JOHN PAUL I
Sunday, 10 September 1978
At Camp David, in America, Presidents Carter and Sadat and Prime Minister Begin are working for peace in the Middle East. All men are hungry and thirsty for peace, especially the poor, who pay more and suffer more in troubled times and in wars; for this reason they look to the Camp David meeting with interest and great hope. The Pope, too, has prayed, had prayers said, and is praying that the Lord may deign to help the efforts of these politicians.
I was very favourably impressed by the fact that the three Presidents wished to express their hope in the Lord publicly in prayer. President Sadat's brothers in religion are accustomed to say as follows: "there is pitch darkness, a black stone and on the stone a little ant; but God sees it, and does not forget it". President Carter, who is a fervent Christian, reads in the Gospel; "Knock, and it will be opened to you; ask, and it will be given you. Even the hairs of your head are all numbered." And Premier Begin recalls that the Jewish people once passed difficult moments and addressed the Lord complaining and saying: "You have forsaken us, you have forgotten us!" "No!"—He replied through Isaiah the Prophet—"can a mother forget her own child? But even if it should happen, God will never forget his people".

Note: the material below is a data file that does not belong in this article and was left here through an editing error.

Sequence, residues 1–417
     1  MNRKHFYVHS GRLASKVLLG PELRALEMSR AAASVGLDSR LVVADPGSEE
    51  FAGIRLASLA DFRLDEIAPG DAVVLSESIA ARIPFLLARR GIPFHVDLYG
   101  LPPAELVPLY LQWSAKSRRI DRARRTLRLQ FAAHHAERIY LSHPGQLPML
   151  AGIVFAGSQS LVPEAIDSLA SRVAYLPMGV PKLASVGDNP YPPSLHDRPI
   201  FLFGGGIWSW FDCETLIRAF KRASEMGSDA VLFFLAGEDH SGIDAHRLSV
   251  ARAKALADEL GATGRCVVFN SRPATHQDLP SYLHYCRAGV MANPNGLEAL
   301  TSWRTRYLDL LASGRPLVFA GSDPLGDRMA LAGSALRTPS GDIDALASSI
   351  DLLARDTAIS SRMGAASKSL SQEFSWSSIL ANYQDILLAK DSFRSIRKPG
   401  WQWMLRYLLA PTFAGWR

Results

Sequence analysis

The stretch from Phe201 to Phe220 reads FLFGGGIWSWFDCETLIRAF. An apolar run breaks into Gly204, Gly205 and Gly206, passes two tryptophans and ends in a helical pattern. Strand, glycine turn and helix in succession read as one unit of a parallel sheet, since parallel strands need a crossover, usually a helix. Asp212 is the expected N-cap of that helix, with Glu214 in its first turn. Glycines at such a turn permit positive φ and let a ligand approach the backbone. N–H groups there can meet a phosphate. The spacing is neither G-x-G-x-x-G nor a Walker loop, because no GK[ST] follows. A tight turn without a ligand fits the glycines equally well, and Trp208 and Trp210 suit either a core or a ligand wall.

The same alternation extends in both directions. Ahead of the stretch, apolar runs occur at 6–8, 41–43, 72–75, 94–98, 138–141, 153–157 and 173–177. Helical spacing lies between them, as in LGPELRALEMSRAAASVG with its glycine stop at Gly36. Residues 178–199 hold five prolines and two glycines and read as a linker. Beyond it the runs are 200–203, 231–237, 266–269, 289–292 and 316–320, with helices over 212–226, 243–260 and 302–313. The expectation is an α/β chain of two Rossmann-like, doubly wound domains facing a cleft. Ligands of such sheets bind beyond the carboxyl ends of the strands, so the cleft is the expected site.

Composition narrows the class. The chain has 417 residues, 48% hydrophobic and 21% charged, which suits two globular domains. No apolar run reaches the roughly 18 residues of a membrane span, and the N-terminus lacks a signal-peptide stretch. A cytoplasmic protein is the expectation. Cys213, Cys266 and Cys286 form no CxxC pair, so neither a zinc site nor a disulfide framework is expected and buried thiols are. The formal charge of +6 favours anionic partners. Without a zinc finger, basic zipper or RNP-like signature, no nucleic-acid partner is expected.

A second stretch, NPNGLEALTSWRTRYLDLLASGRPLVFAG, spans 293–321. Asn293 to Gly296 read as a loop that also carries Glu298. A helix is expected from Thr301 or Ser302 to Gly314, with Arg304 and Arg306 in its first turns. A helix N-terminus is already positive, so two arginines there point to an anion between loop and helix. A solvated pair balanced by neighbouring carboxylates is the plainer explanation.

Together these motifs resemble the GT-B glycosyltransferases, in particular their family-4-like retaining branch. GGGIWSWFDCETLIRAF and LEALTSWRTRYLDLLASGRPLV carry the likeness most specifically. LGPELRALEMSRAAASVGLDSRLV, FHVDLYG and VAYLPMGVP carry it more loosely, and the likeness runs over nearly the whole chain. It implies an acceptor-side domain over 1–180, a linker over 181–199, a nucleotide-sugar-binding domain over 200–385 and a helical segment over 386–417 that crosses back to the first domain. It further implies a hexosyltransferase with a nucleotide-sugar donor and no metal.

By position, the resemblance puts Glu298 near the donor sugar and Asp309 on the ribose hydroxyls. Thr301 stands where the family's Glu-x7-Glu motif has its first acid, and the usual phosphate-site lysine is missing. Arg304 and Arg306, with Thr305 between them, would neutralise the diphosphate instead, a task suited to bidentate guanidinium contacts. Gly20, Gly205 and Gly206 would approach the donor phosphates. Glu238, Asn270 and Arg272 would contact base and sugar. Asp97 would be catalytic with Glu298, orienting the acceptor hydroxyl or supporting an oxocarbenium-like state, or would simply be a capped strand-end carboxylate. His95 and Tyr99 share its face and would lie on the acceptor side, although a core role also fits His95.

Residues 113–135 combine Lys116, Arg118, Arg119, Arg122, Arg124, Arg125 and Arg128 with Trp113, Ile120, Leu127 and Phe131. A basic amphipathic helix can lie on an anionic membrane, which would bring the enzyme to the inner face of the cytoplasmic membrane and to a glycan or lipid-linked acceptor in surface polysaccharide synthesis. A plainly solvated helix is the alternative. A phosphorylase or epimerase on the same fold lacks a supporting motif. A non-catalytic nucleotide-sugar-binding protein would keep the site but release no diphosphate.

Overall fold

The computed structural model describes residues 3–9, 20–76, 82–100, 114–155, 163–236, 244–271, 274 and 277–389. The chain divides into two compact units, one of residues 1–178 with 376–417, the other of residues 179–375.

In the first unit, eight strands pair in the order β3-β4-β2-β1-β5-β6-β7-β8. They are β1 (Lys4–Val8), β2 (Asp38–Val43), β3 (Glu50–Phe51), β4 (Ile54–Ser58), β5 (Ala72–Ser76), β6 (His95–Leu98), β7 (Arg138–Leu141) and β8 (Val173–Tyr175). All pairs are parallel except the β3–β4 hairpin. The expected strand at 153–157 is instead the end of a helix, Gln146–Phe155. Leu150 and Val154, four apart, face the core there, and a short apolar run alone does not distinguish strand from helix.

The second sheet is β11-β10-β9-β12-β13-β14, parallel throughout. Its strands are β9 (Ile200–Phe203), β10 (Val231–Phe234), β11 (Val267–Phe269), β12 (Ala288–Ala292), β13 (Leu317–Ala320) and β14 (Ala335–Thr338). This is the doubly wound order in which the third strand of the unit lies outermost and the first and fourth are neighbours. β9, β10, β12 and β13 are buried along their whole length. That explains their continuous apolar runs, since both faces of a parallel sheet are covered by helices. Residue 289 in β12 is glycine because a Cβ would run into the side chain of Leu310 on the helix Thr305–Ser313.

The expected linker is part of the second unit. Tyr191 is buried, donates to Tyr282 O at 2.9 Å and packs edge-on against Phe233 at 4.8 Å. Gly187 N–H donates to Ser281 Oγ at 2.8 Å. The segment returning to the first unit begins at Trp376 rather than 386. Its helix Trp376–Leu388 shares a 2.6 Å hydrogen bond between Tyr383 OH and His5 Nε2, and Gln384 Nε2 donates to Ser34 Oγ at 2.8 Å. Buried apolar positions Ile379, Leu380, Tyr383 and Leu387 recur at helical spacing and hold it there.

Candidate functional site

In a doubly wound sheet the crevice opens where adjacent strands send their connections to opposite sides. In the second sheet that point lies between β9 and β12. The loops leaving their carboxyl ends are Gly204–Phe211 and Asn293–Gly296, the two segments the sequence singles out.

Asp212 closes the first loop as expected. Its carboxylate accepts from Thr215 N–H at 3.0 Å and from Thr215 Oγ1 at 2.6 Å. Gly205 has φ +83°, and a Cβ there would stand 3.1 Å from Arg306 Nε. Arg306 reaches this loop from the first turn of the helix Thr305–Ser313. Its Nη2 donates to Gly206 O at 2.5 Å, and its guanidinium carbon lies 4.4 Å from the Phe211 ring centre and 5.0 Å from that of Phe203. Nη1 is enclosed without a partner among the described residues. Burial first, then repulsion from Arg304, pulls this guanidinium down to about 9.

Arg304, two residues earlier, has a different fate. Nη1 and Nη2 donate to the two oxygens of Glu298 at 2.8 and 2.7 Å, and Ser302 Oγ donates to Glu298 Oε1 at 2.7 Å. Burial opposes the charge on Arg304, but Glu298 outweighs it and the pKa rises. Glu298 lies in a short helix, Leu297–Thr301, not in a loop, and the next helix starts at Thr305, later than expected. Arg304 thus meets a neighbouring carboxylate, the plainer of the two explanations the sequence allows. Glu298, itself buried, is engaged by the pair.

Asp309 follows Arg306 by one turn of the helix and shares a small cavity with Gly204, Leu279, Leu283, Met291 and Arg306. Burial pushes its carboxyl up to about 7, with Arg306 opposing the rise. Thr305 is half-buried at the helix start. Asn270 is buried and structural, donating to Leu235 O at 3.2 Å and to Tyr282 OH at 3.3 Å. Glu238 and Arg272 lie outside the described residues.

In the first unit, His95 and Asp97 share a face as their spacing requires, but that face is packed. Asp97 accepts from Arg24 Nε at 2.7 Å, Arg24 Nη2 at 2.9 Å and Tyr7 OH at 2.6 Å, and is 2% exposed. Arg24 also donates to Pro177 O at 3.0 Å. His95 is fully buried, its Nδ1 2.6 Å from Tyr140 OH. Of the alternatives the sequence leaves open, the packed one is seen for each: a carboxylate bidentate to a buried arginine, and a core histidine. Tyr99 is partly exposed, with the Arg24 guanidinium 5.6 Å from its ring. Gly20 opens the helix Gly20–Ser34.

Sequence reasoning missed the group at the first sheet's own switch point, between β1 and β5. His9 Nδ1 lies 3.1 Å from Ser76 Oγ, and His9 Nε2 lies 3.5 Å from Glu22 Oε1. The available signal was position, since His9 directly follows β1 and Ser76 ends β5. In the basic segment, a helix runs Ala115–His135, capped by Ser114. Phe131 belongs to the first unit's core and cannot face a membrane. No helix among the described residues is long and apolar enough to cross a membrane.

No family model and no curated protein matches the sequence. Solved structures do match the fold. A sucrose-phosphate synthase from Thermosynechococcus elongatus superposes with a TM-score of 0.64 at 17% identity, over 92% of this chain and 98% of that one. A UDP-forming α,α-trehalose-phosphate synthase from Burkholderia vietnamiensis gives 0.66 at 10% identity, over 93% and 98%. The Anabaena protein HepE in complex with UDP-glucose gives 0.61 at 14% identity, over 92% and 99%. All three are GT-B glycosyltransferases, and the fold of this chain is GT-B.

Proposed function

Also we who are here have the same sentiments; we are the objects of undying love on the part of God. We know: he has always his eyes open on us, even when it seems to be dark. He is our father; even more he is our mother. He does not want to hurt us, He wants only to do good to us, to all of us. If children are ill, they have additional claim to be loved by their mother. And we too, if by chance we are sick with badness, on the wrong track, have yet another claim to be loved by the Lord.
With these sentiments I invite you to pray together with the Pope for each of us, for the Middle East, for Iran, and for the whole world.
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